The “pre-play” aspect of the attack mentioned in the title of their paper refers to the ability to predict the unpredictable number, which theoretically allows an attacker to record everything from the card transaction and to play it back and impersonate the card in additional transactions at a future date and location.

Anderson and a team of other researchers at Cambridge launched their research more than nine months ago, when they first began hearing from European bank card users who said they’d been victimized by fraud — even though they had not shared their PIN with anyone. The victims’ banks refused to reimburse the losses, arguing that the EMV technology made the claimed fraud impossible. But the researchers suspected that fraudsters had discovered a method of predicting the supposedly unpredictable number implementation used by specific point-of-sale devices or ATMs models.

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7
May 10

Fun with ATM Skimmers, Part III

ATM skimmers, or devices that thieves secretly attach to cash machines in order to capture and ultimately clone ATM cards, have captured the imagination of many readers. Past posts on this blog about ATM skimmers have focused on their prevalence and stealth in attacking cash machines in the United States, but these devices also are a major problem in Europe as well.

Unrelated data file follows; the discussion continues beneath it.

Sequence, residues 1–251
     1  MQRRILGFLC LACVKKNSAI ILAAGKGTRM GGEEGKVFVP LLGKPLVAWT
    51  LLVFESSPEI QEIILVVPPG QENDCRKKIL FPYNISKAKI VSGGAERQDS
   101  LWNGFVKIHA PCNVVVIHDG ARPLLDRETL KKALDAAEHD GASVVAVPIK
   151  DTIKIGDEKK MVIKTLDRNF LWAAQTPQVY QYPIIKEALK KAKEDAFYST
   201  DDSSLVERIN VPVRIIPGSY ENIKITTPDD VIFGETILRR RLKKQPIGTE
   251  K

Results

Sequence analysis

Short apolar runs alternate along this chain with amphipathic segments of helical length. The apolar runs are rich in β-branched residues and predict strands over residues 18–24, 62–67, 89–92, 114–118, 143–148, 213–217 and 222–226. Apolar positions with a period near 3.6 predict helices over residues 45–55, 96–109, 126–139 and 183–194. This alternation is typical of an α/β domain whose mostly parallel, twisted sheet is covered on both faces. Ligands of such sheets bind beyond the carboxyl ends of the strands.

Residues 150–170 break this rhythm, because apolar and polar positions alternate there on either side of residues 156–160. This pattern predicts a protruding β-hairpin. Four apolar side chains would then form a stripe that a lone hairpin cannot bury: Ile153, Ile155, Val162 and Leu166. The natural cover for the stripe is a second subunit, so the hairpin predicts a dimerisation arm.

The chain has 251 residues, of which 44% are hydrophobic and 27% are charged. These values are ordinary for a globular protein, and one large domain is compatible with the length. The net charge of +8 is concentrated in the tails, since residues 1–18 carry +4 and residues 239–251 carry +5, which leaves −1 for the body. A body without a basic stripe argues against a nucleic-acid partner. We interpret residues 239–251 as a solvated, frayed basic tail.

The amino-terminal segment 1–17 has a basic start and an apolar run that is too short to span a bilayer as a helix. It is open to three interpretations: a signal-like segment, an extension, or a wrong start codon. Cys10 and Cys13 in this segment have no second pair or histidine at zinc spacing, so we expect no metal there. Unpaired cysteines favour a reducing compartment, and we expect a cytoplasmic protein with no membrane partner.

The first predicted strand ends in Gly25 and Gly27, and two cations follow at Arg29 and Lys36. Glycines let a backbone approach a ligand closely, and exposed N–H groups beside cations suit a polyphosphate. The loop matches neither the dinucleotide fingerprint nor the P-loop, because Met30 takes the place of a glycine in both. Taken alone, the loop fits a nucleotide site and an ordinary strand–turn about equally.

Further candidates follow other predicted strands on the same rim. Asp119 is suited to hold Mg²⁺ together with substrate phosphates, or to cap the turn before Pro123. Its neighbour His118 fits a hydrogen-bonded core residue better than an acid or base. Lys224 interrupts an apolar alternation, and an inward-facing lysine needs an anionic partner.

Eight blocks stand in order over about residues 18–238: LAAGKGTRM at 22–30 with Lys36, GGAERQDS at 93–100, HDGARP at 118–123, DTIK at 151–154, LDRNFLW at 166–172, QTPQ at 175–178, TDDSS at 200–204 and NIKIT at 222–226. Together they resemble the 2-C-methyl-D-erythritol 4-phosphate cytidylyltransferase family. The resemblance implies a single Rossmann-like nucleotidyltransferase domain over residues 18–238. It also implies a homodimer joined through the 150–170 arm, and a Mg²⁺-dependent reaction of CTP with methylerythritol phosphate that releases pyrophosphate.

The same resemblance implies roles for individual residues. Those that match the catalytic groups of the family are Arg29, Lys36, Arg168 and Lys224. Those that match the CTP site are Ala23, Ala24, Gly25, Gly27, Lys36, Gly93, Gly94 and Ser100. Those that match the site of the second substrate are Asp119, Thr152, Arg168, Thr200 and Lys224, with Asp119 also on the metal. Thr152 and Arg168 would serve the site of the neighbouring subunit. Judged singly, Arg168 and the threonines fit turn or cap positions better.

According to the European ATM Security Team (EAST), a not-for-profit payment security organization, ATM crimes in Europe jumped 149 percent form 2007 to 2008, and most of that increase has been linked to a dramatic increase in ATM skimming attacks. During 2008, a total of 10,302 skimming incidents were reported in Europe. Below is a short video authorities in Germany released recently showing two men caught on camera there installing a skimmer and a pinhole camera panel above to record PINs.

EAST estimates that European ATM fraud losses in 2008 were nearly 500 million Euros, although roughly 80 percent of those losses resulted from fraud committed outside Europe by criminals using stolen card details. EAST believes this is because some 90 percent of European ATMs now are compliant with the so-called “chip and pin” or EMV (an initialism for Europay, Mastercard and VISA) standard.